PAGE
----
The other major difference the world of Clockwork Heart brings to our understanding of history is the domination of the nation of France. Beginning with the rise of Napoleon, France became and remained the dominant power, but unlike the England of the world we know, France never becomes complacent in its power, nor does it overreach. It overtakes Germany and much of Spain, but only at the beginning of the book does it take Switzerland. The Austrian empire holds back France, England largely escaping because it’s so difficult to seize and maintain a hold on the island nation. Italy, in an alliance with Portugal, manages to stay out of the fray and hold dominance in the Mediterranean, and with the rise of the Americas as an economic and developmental power, it’s once again a powerful trade hub.
Of course, Clockwork Heart begins with the world on a precipice: soon there will be either greater, more devastating war, or their will be the first cracks in France’s might and the beginnings of a new peace. Which direction the continent takes is not up to the leaders of nations or the generals of the army. It’s all down to a rag-tag group of airship pirates, a defected young Austrian soldier, and a tender-hearted tinker in possession of a clockwork heart.


First off I want to say two things. I have never read a steampunk novel is the first thing and the second thing is I’m not totally sure it’s my thing. That’s on a personal note. However, that said. For people who are HUGE fans of steampunk I have no doubt this is the book for you. Heidi has a way of creating worlds that mesmerize you. Her way of describing people, places, things, anything is always outstanding and it constantly leaves me breathless.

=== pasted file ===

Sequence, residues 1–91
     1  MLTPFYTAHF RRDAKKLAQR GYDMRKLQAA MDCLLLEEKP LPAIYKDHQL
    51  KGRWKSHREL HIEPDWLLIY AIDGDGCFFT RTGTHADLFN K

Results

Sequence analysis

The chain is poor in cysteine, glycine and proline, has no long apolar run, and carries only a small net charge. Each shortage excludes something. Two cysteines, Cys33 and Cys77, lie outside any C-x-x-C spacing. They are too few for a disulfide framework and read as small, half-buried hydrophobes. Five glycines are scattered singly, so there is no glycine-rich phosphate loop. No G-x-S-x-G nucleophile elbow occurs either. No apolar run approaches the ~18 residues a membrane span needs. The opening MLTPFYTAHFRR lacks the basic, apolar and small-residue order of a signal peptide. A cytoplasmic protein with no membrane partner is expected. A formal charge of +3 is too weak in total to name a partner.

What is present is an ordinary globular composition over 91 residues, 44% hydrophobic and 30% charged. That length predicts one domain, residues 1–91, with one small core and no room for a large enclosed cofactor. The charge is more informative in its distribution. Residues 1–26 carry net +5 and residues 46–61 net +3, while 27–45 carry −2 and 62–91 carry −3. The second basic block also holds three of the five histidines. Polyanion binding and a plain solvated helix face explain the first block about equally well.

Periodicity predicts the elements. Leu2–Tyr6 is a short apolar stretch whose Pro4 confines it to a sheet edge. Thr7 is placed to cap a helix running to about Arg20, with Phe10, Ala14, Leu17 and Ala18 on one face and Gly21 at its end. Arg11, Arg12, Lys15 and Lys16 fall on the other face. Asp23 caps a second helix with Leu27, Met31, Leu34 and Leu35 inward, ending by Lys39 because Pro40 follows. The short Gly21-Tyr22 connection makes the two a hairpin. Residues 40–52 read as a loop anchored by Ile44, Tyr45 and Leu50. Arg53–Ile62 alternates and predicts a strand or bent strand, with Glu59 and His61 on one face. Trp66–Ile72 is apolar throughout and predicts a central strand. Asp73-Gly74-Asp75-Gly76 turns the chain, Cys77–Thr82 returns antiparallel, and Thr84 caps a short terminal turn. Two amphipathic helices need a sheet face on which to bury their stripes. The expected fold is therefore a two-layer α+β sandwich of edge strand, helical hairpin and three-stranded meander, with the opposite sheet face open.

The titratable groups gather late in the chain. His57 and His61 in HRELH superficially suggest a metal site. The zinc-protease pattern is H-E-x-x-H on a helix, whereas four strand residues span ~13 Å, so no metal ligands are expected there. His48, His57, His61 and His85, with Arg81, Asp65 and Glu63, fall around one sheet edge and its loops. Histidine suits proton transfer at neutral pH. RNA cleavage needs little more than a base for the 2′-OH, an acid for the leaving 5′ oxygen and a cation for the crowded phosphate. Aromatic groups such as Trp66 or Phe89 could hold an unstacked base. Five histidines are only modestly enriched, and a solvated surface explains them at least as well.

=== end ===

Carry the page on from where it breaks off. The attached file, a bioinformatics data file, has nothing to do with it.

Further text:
Cornelius and Johann were amazing together. Johann, more clockwork than man, falls for his “creator” and that love is returned. That was so adorable. Especially when they couldn’t understand each others language. Johann was all, “I don’t care what you’re saying it sounds so nice just talk more.” And Cornelius was just desperate to make Johann understand his methods and his genuine love for him and humanity.
There are pirates and politics. Raunchy and romance. Sex and love. There’s great suspense and epic adventure. I was absolutely entertained throughout this story!!!!!

Author Bio

Heidi Cullinan has always enjoyed a good love story, provided it has a happy ending. Proud to be from the first Midwestern state with full marriage equality, Heidi is a vocal advocate for LGBT rights. She writes positive-outcome romances for LGBT characters struggling against insurmountable odds because she believes there’s no such thing as too much happy ever after. When Heidi isn't writing, she enjoys cooking, reading, playing with her cats, and watching television with her family. Find out more about Heidi at


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  1. Best of luck with Clockwork, Heidi; love that cover:)

  2. I'm interested enough in steampunk to give this book a try. No doubt it will be well written and lots of fun.

  3. If pirates (steampunk or otherwise) are going to kidnap me they'd better take me to some tropical hide-out. Js
    Great post and the book sounds fabulous. *adds to TBR-list*

  4. I haven't read many, but I just love steampunk stories. Got to get this one!m

  5. I'm with Helena. Somewhere tropical would be nice! Good luck with the release, this looks like a great story!